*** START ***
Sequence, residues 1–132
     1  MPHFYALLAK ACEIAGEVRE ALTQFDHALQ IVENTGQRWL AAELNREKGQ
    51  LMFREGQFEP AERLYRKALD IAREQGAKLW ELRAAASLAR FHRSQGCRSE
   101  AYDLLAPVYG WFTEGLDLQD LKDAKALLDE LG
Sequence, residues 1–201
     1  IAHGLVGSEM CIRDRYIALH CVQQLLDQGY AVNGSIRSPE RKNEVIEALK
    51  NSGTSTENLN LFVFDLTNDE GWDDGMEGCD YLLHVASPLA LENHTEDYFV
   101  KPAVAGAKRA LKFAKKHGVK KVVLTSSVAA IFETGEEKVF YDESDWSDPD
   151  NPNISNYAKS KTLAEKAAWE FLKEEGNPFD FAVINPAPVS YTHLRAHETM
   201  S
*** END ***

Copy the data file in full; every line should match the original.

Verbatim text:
Sequence, residues 1–132
     1  MPHFYALLAK ACEIAGEVRE ALTQFDHALQ IVENTGQRWL AAELNREKGQ
    51  LMFREGQFEP AERLYRKALD IAREQGAKLW ELRAAASLAR FHRSQGCRSE
   101  AYDLLAPVYG WFTEGLDLQD LKDAKALLDE LG
Sequence, residues 1–201
     1  IAHGLVGSEM CIRDRYIALH CVQQLLDQGY AVNGSIRSPE RKNEVIEALK
    51  NSGTSTENLN LFVFDLTNDE GWDDGMEGCD YLLHVASPLA LENHTEDYFV
   101  KPAVAGAKRA LKFAKKHGVK KVVLTSSVAA IFETGEEKVF YDESDWSDPD
   151  NPNISNYAKS KTLAEKAAWE FLKEEGNPFD FAVINPAPVS YTHLRAHETM
   201  S